- Paperback: 368 pages
- Publisher: Harper Perennial; 1 edition (April 27, 2010)
- Language: English
- ISBN-10: 0061136670
- ISBN-13: 978-0061136672
- Product Dimensions: 5.3 x 0.8 x 8 inches
- Shipping Weight: 4.8 ounces (View shipping rates and policies)
- Average Customer Review: 37 customer reviews
- Amazon Best Sellers Rank: #674,361 in Books (See Top 100 in Books)
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Boy Alone: A Brother's Memoir Paperback – April 27, 2010
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From the Back Cover
Karl Taro Greenfeld knew from an early age that his little brother, Noah, was not like other children. He was unable to communicate verbally or tie his shoes, and despite his angelic demeanor was prone to violent outbursts. No doctor, social worker, or specialist could pinpoint what was wrong with Noah beyond a general diagnosis: autism. The boys' parents dedicated their lives to caring for their younger son—a challenging, often painful experience that their father detailed in a bestselling trilogy of books.
Boy Alone is Karl Taro Greenfeld's unforgettable memoir of growing up in Noah's shadow, revealing the complex mix of rage, confusion, and love that defined the author's childhood—a beautiful, haunting, and wholly original exploration of what it means to be a family, a brother, a person.
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Top customer reviews
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His obvious natural talent as a writer and story-teller made this book (while addressing a difficult and sad subject) a pleasure to read.
Wish more books were published by authors as creative and gifted as Karl Greenfield!
I don't understand some of the negative reviews here, but they seem to be from people who have personally experienced having an autistic family member and are unhappy Karl's very personal experience did not dovetail with their own.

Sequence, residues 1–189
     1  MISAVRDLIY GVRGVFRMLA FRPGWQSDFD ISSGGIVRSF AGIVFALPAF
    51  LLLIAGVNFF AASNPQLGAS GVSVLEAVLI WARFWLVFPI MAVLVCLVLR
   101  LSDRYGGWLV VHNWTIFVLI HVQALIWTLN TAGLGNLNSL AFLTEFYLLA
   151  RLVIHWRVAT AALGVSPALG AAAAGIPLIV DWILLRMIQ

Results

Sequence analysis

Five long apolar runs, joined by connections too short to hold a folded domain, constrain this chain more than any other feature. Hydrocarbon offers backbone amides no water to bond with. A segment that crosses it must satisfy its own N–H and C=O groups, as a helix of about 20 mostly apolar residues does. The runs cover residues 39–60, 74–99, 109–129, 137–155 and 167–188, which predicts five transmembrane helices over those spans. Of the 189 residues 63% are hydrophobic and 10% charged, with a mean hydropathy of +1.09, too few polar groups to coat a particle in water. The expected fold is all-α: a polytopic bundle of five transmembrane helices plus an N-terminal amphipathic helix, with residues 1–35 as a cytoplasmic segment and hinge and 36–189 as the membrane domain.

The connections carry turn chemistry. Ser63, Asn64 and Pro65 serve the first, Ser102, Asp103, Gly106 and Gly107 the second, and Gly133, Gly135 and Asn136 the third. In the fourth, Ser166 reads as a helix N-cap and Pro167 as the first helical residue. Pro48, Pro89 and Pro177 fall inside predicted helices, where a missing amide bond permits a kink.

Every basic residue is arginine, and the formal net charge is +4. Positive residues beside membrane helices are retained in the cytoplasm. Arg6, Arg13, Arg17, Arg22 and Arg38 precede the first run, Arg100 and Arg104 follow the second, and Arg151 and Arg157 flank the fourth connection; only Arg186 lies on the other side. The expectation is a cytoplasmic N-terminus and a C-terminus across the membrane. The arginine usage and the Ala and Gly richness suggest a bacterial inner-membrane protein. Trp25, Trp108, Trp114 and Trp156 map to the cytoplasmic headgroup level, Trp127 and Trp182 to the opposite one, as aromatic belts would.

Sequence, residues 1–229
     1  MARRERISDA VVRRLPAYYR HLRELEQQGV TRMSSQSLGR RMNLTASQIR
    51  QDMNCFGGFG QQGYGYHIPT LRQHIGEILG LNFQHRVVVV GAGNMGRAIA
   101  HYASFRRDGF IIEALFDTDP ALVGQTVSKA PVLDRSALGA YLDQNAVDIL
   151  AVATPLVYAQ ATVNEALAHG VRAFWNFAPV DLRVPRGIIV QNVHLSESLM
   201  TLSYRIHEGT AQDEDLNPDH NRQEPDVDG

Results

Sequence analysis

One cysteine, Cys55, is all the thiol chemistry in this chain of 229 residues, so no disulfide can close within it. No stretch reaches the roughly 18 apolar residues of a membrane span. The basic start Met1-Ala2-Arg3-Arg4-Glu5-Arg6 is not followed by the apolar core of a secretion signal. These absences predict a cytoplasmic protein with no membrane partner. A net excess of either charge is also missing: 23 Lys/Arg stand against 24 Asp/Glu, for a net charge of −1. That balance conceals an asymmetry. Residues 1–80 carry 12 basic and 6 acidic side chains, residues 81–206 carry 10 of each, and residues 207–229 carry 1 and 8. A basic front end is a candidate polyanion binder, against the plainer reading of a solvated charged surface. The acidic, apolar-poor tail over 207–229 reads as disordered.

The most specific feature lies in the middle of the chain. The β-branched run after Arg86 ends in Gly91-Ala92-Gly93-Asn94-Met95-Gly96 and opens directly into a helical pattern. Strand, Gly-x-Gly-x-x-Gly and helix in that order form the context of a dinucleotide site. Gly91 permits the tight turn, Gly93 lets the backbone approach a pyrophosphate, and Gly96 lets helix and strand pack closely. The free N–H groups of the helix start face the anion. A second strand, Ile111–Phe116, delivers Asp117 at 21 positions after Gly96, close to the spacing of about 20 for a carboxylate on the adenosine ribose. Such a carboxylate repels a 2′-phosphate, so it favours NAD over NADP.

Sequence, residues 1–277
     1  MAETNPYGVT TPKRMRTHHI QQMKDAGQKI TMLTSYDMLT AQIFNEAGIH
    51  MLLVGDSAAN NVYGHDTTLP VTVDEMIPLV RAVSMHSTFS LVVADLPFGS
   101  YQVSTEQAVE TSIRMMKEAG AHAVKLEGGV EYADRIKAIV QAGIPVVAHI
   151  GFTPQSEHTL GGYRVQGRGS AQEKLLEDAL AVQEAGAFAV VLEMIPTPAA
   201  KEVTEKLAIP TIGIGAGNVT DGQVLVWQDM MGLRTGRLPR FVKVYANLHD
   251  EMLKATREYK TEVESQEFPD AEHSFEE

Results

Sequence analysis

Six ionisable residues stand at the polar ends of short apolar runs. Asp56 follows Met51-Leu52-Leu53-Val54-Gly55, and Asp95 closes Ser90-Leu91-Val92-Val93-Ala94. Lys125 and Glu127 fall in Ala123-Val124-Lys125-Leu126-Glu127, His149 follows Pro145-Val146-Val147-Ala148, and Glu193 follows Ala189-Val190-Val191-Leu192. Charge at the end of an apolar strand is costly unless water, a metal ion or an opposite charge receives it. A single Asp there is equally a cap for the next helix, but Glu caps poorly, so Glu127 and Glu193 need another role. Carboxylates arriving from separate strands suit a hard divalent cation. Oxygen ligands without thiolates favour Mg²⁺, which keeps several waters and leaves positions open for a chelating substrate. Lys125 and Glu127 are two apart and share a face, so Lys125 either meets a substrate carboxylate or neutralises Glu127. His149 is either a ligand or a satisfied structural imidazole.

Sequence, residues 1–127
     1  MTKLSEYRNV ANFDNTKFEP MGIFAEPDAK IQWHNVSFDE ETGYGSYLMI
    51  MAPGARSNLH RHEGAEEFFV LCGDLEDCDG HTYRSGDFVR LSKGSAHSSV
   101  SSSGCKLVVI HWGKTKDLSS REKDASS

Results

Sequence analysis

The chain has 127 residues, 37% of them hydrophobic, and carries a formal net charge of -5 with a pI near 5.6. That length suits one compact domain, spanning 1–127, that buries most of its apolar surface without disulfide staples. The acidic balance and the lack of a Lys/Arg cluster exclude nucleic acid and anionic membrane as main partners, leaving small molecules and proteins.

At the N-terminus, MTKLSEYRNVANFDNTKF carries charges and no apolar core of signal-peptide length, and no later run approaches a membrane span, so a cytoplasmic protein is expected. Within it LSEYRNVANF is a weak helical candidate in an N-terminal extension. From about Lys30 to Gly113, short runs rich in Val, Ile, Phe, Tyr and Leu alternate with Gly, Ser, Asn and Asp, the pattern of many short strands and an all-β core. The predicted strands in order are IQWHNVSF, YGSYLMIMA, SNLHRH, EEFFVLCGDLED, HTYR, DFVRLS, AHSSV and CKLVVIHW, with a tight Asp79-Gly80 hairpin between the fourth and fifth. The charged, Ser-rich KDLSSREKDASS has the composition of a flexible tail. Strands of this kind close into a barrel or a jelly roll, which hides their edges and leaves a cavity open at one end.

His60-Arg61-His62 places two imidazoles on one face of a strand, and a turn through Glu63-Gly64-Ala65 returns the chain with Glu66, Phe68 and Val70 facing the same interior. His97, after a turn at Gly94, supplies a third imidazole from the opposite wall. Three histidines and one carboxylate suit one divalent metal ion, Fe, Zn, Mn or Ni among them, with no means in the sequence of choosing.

Boy Alone is an amazing glimpse into the world of the 'other' brother, the one who is not 'special', the one who stands along side the autistic brother he loves/hates. Though Karl never descends into self pity in these pages, I found myself feeling for the boy who had never spent time in the spotlight of his parents' attention. Sure, it's easy to see Karl knew he was loved, but he also seems to have known that he wasn't ever going to get the attention every child yearns for from his parents. Noah was always in the way.
Even though I finally got the book I'd been waiting for, I didn't get the ending I'd been hoping for. No one did. I question the author's choice in the last third of his book. One wonders why he played out Noah's life the way he did only to pull the rug out and force the reader (me!) to face the cruel reality of Noah's actual life. I don't know if I can forgive Karl for that little literary trick.
I'm not looking for another Noah book. It's all been said, all too painfully, but I thank Karl Greenfeld for writing this one. It was heart wrenching but very well written, very good.
Now, having finished the book, I am still amazed at the parents of Noah and Karl, their amazing strength and will to find resources at a time when the state institution was the most common choice.
It was also interesting to hear of Noah's journey through the system and what his adult life looks like. Karl is equally honest about his own journey: through drugs and anger and teen angst to a life as a writer, with a family of his own. His relationship to Noah continually baffles him.
There was one part of the book I disliked immensely, but I do not want to throw in a spoiler. I think the language in that part could have been couched differently.
Definitely a good read for all who wonder about the miracle cures touted in books and television interviews.